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  1. #1
    Join Date
    Feb 2017
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    Default Is an IP Address Sufficient to Support a Criminal Conviction

    My question involves criminal law for the province of: Ontario in Canada.

    Someone might me posing as me using my IP because my accounts got hacked and I want to know if they can trace the hacker's IP to me will they be able to charge me? I read that you can't charge someone on an IP alone because it does not indicate who it was SPECIFICALLY who did it.

    And if they can't charge me in court, can they still lock me up in holding until the court date? Like at the police station or courthouse?

  2. #2
    Join Date
    Mar 2005
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    Michigan
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    Default Re: Is an IP Address Sufficient to Support a Criminal Conviction

    Although it is possible to spoof an IP address, if the police suspect that a crime is being committed from your IP address at your house, it's easy enough for them to get a warrant to verify the Internet activity from your home's Internet account. They may also have a MAC number for the computer that was used in whatever criminal activity they're investigating, and if so they can see if it matches one you own. It is going to depend upon what criminal activity they're investigating, and what resources they put into the investigation.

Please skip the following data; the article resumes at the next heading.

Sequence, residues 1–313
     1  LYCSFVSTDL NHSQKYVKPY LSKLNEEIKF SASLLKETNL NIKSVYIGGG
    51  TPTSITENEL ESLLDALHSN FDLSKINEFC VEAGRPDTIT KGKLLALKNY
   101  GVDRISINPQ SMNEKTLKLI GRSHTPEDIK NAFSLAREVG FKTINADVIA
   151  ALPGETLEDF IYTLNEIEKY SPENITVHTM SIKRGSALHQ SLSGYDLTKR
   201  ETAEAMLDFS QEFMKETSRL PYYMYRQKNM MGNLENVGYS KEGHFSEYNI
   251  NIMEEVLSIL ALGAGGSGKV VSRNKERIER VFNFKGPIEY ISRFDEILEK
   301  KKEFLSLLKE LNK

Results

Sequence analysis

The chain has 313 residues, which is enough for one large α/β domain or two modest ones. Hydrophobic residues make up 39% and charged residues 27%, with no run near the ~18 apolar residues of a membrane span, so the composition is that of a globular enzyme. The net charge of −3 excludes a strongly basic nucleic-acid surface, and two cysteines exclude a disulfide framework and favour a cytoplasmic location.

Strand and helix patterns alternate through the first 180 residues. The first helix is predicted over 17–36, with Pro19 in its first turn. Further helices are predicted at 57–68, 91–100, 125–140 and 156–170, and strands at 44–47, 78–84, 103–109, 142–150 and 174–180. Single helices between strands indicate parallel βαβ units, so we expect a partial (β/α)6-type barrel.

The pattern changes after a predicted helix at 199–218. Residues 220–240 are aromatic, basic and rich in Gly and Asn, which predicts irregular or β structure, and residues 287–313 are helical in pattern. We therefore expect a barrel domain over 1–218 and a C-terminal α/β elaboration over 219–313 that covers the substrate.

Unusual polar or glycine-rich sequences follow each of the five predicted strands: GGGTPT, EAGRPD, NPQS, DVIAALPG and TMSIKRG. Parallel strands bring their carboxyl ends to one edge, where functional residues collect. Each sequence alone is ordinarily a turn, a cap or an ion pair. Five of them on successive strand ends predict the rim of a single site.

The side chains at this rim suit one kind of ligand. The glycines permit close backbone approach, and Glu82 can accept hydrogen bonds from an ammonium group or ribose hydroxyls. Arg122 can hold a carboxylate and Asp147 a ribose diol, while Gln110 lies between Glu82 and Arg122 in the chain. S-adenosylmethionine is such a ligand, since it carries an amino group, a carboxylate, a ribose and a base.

Be aware that, "Somebody must have used my Internet connection" or "Somebody must have spoofed my IP" will be something that the police have heard before, and they're going to start from that point of experience that tells them, usually that's not true.

  3. #3
    Join Date
    Feb 2017
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    Default Re: Is an IP Address Sufficient to Support a Criminal Conviction

    Quote Quoting aaron
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    Although it is possible to spoof an IP address, if the police suspect that a crime is being committed from your IP address at your house, it's easy enough for them to get a warrant to verify the Internet activity from your home's Internet account. They may also have a MAC number for the computer that was used in whatever criminal activity they're investigating, and if so they can see if it matches one you own. It is going to depend upon what criminal activity they're investigating, and what resources they put into the investigation.

    Be aware that, "Somebody must have used my Internet connection" or "Somebody must have spoofed my IP" will be something that the police have heard before, and they're going to start from that point of experience that tells them, usually that's not true.
    But isn't it true that the IP doesn't prove it was ME directly? Even the internet activity doesn't say it was me. Is there really no way out of this, does this jerk who hacked me win?

  4. #4
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    Feb 2014
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    Default Re: Is an IP Address Sufficient to Support a Criminal Conviction

    Quote Quoting supervegeta
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    But isn't it true that the IP doesn't prove it was ME directly? Even the internet activity doesn't say it was me. Is there really no way out of this, does this jerk who hacked me win?